If you’ve visited this blog before, you’re likely already aware that the Center for Global Health (CGH) is NCI’s team responsible for coordinating and prioritizing activities to advance global cancer research. We help other countries build their own technical expertise, as well as connect and leverage resources across nations to address the challenges of cancer and reduce cancer deaths worldwide. We call this our “global health diplomacy.”
Month: October 2014
Unraveling the mysteries of the BRCA1 gene and its role in breast and ovarian cancer in diverse populations has guided the research of Dr. Veena N. Rao, a CRCHD PACHE U54 grantee. Her other passion is training diverse scholars in cancer health disparities research.
Rao is a Professor and Co-Director of the Cancer Biology Program and Georgia Cancer Coalition Distinguished Cancer Scholar in the Department of OB/GYN at the Morehouse School of Medicine in Atlanta, Georgia.
The NCI’s Center to Reduce Cancer Health Disparities (CRCHD) held an investigators workshop for the Partnerships to Advance Cancer Health Equity (PACHE) program in late July at the NIH Neuroscience Center in Rockville, MD.
The goal of the meeting was to discuss the future of the program and continue dialogue on how best to further build research and training capacities at underrepresented-serving institutions, as well as enhance outreach to racially and ethnically diverse communities.
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The Spanish word for “cancer” is “cáncer” – they are almost exactly the same, and so are the challenges that many countries like Mexico and the United States face when it comes to cancer prevention, detection, and treatment.
Latinos are the fastest growing racial/ethnic group in the U.S. In Alabama alone, the number of Latino immigrants has increased more than 145% since 2010, with more than 186,000 Latinos residing in the state.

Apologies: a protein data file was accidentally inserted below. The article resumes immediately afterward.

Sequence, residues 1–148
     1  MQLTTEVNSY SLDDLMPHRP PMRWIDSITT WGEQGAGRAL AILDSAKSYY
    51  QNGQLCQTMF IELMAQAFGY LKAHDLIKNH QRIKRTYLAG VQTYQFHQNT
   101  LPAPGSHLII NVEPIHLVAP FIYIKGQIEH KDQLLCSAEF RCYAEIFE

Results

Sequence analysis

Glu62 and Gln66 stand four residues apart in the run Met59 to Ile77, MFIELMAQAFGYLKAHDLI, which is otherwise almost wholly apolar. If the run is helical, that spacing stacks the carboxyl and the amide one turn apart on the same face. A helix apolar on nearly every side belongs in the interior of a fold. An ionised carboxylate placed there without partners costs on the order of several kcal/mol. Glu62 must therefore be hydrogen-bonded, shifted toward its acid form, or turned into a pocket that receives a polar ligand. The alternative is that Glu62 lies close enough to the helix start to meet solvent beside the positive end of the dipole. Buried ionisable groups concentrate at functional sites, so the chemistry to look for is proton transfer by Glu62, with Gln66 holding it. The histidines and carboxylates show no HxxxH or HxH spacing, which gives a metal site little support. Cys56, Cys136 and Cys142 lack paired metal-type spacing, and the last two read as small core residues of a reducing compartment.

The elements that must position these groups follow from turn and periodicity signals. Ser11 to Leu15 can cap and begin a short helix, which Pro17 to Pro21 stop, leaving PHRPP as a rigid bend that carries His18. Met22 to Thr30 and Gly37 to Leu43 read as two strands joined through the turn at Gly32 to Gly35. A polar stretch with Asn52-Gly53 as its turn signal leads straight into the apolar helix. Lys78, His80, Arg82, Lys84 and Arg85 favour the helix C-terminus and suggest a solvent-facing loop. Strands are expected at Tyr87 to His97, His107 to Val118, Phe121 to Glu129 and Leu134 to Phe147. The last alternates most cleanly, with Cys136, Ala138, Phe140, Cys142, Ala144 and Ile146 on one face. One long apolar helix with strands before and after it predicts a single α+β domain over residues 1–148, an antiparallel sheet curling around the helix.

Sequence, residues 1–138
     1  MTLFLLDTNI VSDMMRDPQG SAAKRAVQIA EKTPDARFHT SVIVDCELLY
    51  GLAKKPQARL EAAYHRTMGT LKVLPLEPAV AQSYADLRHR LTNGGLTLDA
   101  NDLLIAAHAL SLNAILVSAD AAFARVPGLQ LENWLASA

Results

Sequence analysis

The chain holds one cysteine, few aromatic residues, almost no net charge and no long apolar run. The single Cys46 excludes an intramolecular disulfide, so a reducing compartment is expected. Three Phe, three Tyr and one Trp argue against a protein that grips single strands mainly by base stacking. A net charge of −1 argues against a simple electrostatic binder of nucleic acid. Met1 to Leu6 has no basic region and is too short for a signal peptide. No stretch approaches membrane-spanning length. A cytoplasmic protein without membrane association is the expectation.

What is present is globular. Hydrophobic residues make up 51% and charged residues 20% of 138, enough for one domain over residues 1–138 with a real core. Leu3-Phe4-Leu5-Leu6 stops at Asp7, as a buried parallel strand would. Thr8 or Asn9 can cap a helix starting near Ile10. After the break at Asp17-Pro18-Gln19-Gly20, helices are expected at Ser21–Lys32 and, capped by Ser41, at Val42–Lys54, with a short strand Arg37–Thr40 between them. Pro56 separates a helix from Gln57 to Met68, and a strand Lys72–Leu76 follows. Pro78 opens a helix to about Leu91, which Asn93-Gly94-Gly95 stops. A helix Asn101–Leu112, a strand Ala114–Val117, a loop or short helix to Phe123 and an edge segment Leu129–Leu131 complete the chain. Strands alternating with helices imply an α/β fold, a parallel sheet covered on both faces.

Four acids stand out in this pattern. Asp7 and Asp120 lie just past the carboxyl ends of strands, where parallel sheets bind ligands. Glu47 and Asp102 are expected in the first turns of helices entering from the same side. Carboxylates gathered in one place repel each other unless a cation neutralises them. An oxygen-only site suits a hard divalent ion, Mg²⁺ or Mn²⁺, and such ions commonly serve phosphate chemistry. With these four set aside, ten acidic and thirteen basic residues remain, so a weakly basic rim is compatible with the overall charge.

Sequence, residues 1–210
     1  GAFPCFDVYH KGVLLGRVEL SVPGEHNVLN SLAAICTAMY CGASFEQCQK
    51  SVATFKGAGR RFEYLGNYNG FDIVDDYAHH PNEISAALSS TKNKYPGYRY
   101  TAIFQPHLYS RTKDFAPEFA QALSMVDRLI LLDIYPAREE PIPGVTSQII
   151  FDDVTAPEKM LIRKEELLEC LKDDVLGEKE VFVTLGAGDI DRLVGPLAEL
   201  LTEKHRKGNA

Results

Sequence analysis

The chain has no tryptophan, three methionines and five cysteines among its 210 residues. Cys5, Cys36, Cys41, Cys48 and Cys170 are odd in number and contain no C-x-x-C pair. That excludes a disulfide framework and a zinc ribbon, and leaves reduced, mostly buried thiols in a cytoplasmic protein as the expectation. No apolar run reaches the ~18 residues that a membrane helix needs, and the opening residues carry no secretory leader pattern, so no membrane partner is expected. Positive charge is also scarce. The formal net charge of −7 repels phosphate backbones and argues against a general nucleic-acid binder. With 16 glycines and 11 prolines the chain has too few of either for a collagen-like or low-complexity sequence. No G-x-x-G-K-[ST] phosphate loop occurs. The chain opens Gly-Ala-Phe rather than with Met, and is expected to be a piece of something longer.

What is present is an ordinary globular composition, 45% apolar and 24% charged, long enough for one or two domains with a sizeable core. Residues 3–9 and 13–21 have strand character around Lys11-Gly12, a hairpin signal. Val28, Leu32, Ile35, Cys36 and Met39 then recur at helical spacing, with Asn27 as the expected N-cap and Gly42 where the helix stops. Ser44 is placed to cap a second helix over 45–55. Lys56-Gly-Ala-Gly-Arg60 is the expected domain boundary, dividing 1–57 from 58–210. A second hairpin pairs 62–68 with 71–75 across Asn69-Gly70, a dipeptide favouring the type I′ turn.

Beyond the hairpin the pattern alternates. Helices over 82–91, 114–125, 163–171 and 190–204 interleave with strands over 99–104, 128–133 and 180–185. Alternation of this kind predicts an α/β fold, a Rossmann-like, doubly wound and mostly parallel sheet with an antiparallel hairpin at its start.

A majority of Latinos living in Alabama face significant health disparities due to low-income, language barriers and cultural differences. Isabel C. Scarinci, Ph.D., MPH is a CRCHD U54 grantee who is ensuring that this population group has access to cancer prevention and treatment. In a recent interview, Scarinci explained that Latinos living in the region have limited access to health care. In 2011, the state of Alabama drew up legislation that has had impacted access to health services among Latino immigrants. This is just one of the reasons why Scarinci has dedicated her career to serving as an advocate for Latinos so they can have equal care.
In November, CRCHD joins the rest of the nation in recognizing Lung Cancer Awareness Month, as well as celebrating Native American Heritage Month.
Lung cancer is the second most common type of cancer found in men and women and the leading cause of cancer death. In fact, according to the American Cancer Society, more people die from lung cancer than of colon, breast, and prostate cancers combined. Though the gap is starting to close, there continues to be lung cancer disparities in the U.S. among undeserved population groups. For example: